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June 23, 2021

Contact: Caryn Shinske (609) 984-1795
Lawrence Hajna (609) 984-1795


(21/P023) TRENTON – The Department of Environmental Protection today is celebrating the long-awaited reopening of the Liberty State Park Nature Interpretive Center in Jersey City, completing the final project to restore park infrastructure heavily damaged in Superstorm Sandy, Commissioner Shawn M. LaTourette announced.

Grand Reopening of Liberty State ParkThe center, designed by renowned architect Michael Graves, originally opened in 1985 and has been closed since Superstorm Sandy severely flooded the center in 2012, damaging the structure, exhibits and causing mold impacts.

“The long-awaited reopening of the nature center in Liberty State Park is a symbol of both New Jersey’s resilience and our commitment to protecting our natural resources,” Commissioner LaTourette said. “As we resume educational programs inside, the Center itself stands as a reminder that we must take care to protect our infrastructure and natural resources from the ever-increasing impacts of climate change, including increased storm severity and sea-level rise.”

The nature center, on Freedom Way, features state-of-the-art environmental and natural history exhibits that focus on the Hudson River Estuary and surrounding environment.

Grand Reopening of Liberty State Park“We are thrilled to reopen the Nature Interpretive Center to the public and look forward to helping visitors of all ages learn about the diversity of animals, plants and habitats within Liberty State Park,” said Parks and Forestry Director John Cecil. “Liberty State Park and its many amenities offer something for everyone. The updated Nature Interpretive Center uses state-of-the-art equipment to connect everyone to the environment and helps us all learn about the vital services provided by nature.”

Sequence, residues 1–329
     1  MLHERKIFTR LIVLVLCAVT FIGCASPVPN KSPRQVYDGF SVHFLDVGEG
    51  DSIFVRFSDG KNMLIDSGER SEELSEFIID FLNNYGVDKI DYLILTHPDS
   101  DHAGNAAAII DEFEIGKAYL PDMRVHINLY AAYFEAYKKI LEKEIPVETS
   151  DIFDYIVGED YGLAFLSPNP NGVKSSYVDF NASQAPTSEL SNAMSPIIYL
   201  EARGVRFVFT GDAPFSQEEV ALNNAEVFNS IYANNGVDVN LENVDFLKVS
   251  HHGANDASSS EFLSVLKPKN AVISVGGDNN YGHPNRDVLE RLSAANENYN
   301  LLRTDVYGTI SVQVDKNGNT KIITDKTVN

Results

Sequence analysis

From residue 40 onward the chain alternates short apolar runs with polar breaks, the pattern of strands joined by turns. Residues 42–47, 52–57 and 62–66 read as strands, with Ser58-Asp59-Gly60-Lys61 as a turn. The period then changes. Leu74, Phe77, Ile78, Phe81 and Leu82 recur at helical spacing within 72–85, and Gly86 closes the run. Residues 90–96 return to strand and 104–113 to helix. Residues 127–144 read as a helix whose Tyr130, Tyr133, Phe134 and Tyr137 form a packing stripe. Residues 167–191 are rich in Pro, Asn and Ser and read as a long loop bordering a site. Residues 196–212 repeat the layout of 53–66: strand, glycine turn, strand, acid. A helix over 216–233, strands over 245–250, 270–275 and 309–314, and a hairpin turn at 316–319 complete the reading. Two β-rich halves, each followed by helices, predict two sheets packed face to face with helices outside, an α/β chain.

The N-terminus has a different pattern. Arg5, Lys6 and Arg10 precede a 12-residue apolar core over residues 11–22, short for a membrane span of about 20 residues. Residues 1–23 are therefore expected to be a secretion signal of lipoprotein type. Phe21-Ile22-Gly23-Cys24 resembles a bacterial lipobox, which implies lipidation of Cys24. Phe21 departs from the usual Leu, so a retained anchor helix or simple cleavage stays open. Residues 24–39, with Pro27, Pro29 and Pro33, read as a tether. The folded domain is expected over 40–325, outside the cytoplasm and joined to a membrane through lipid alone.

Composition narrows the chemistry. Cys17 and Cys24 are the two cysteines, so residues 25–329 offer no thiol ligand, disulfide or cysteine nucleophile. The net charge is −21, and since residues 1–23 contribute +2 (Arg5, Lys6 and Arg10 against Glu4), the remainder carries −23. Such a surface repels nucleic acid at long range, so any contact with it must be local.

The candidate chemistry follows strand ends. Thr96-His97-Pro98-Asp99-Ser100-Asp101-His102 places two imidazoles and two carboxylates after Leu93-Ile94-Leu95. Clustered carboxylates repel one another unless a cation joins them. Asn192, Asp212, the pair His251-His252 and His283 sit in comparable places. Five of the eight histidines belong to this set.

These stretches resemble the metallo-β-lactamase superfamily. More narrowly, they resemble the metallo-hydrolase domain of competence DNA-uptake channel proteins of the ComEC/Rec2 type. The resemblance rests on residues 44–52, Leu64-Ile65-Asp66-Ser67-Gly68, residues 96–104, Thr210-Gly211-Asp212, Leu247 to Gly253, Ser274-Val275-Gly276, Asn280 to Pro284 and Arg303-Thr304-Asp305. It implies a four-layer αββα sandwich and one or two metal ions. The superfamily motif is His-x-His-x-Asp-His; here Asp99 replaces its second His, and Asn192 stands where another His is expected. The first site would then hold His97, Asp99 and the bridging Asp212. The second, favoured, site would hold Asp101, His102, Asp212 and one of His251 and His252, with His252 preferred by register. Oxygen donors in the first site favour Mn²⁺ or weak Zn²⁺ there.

New exhibits include a night theater, a nature discovery center with hands-on activities for younger visitors, a freshwater pond and meadow interactive mural, fresh and salt-water fish tanks, a salt marsh diorama, food web, and a host of other exciting new displays and activities.

Education and nature interpretive programs are available for school and other organized groups and the general public. The center also offers a variety of professional development workshops for formal and non-formal educators.

The Richard J. Sullivan Natural Area, a 36-acre salt marsh in the heart of the New York Bay supporting the Hudson River Estuary, is adjacent to the nature center. It features a self-guided nature path, which allows visitors to explore the wildlife habitat.

The 1,200-acre Liberty State Park attracts 5.1 million visitors per year and offers expansive views of the Hudson River. In addition to the Nature Interpretive Center, the park features a two-mile waterfront walkway known as Liberty Walk, the 9/11 Memorial and Grove of Remembrance, the Liberty Landing Marina, the Green Park playground, nature trails, wildlife habitats and other recreational amenities.

Ferry service to the Statue of Liberty and Ellis Island depart from the Historic Central Railroad of New Jersey Terminal, which was also heavily damaged in Superstorm Sandy. The terminal building reopened in 2016 after a nearly $20 million restoration.

Like the New Jersey Division of Parks and Forestry page on Facebook at and Liberty State Park’s Facebook page at

Follow the DEP on Twitter @NewJerseyDEP and follow Commissioner LaTourette on Twitter and Instagram @shawnlatur

Follow the New Jersey State Park Service on Instagram @newjerseystateparks